Why questions? A number of answers jump to mind.
With questions we probe the unknowns of life.
A scientist uses questions to break new ground in a given field. The archaeologist literally breaks ground in asking, “What happened here in past years?” Questions help us find our way when we’re lost in an unfamiliar part of a city. Questions also knit the fabric of a growing relationship as we explore a friend’s thinking.
But questions are not always welcome. Picture a child with an unending litany of “how come” or “why” or “what” questions flooding a kitchen as a harried mother works on a meal. It’s all too easy to offer a stern, “Ask me later!” that when repeated too often can quell a child’s God-instilled enthusiasm to learn and grow.
Questions can be unwelcome, too, if they touch sensitive parts of the soul. What comes of a question about a man’s family when—without you knowing—he’s abandoned them for another man’s wife? Or ask someone you know casually about his or her finances. Or what your friends believe about abortion, or gay marriage, or God. Questions carry a relational risk so many bright folks prefer to stick with small talk.
Here, then, is my question about questions: how does God respond as we question him? Are inquiries irritants or are they welcomed?
Any answer must start with a sound view of God.
If we see him as distant and angry we are likely to avoid him. But if he is an engaging God with a kindly disposition towards us we’re much more likely to approach him.
The premise in evangelical Christian circles is positive: God is good and he loves us. But there’s still a hitch: our sin. Even a good friend will give up on us if we regularly lie, cheat, and steal from him. How, then, do we relate to a pure, holy, and blameless God when all of us have at least a few moral faults?
Here we have another evangelical axiom: we are fully forgiven in Christ. But that truth doesn’t always translate into a rich relationship. An abuser usually knows not to press into a damaged bond, especially if God is the victim.
With this moral dissonance in view—and taking it to be an obstacle to spiritual growth—let me suggest a proper pathway for our questions. Picture yourself as a driver whose car is stuck in a mudpit with spinning wheels. A good question is, “How do I get out of this mess?!”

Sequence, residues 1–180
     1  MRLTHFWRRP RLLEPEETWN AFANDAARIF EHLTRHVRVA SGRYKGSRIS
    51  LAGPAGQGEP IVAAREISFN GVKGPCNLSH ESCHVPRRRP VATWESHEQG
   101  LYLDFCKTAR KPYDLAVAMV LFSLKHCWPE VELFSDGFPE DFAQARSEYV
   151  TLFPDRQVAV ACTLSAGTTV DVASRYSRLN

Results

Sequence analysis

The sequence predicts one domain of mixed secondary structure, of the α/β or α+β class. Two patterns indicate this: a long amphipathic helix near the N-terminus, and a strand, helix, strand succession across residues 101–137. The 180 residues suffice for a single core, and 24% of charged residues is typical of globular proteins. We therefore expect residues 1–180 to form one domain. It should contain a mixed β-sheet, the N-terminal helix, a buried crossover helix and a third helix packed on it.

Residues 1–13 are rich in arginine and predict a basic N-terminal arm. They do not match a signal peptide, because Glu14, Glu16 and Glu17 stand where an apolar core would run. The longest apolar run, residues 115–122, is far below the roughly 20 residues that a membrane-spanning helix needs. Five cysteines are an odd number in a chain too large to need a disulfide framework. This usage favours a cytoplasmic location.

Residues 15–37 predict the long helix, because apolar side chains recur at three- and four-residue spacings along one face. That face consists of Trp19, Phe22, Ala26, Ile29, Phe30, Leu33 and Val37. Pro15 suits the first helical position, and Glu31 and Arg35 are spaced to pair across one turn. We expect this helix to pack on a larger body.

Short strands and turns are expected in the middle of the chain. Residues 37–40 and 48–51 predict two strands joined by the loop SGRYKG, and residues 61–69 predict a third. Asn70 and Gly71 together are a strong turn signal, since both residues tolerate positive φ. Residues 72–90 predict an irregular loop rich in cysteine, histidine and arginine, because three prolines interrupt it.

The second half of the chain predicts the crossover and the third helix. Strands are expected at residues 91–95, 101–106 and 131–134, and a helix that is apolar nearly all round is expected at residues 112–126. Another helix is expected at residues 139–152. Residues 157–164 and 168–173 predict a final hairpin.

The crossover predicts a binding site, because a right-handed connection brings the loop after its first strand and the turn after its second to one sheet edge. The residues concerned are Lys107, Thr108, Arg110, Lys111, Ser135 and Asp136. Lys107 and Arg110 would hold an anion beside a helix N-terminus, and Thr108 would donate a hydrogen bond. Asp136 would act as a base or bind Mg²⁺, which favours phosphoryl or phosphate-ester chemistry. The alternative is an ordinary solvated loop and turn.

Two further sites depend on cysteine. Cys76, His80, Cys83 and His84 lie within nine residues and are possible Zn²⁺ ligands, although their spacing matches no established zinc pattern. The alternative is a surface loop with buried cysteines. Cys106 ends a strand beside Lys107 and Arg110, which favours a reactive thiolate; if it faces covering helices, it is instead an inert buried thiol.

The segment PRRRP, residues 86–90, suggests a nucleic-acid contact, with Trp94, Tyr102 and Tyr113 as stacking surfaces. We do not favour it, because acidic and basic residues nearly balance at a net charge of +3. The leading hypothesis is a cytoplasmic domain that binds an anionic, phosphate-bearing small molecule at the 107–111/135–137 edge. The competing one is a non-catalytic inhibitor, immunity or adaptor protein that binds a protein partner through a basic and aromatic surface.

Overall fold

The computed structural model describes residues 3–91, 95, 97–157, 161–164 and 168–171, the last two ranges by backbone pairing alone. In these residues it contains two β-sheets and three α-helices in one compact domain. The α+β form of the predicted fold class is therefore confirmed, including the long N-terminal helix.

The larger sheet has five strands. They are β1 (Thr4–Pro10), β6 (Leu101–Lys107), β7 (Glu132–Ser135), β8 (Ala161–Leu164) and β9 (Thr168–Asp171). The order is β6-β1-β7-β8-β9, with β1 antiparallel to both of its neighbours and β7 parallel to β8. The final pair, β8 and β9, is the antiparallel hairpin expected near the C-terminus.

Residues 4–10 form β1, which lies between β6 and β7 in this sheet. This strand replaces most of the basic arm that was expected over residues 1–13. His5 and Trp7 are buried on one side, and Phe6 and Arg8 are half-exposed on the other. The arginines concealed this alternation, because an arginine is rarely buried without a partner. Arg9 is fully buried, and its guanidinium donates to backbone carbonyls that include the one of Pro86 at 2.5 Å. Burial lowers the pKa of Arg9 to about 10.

It helps to realize that we drove into the mess ourselves.
We do well, then, to avoid a skeptical premise that God is unfair and uncaring. Eve, for instance, was drawn into the serpent’s deception with a skeptical question about God’s single restriction: “Did God really say?” Evil came with this brazen dismissal of God’s love. And even today any efforts to blame God for the fruit of our own spiritual carelessness won’t impress him.
Positively, we can be sure God wants us to be honest and practical with him. If we can’t overcome sin without God’s transforming work in us—for “apart from me you can do nothing” (John 15:5)—why not ask him questions about how to move out of our mud?
This may not apply to all of us, of course.
If any of us feel like we’re living up to a high moral standard apart from Jesus then he won’t seem very attractive to us. He said as much when he explained that he came to save sinners, not the righteous.
So for those of us who know we have some problems with God, we will do well to ask him to show us the way forward. Humble questions tend to be direct, honest, and faith-based. So, too, we’re free to be childlike—with a profusion of questions—because it is God who creates an instinct in us to grow spiritually once we have his Spirit within.
Once we trust him and begin to live within that trust a whole host of additional questions emerge. These faith-based queries allow us to explore the heart of a Triune God whose personality is unendingly creative and winsome as he shares his spreading goodness to us and through us.
Finally, be sure to listen.
Ask away and then read the Bible with a sense of adventure as he uses it to respond. You’ll love what—and who—you discover there!
Thoughts? You are invited to comment on Ron’s article at Cor Deo.
Dr. Ron Frost
Ron served on faculty for more than 20 years at Multnomah Bible College and Biblical Seminary. At the seminary, from 1995-2007, he was professor of historical theology and ethics. He earned his PhD at King’s College of the University of London. His research featured Richard Sibbes (1577-1635). He now teaches internationally while serving as a pastoral care consultant to missionaries with Barnabas International. Ron authored Discover the Power of the Bible and writes on spreadinggoodness.org [See “Resources”].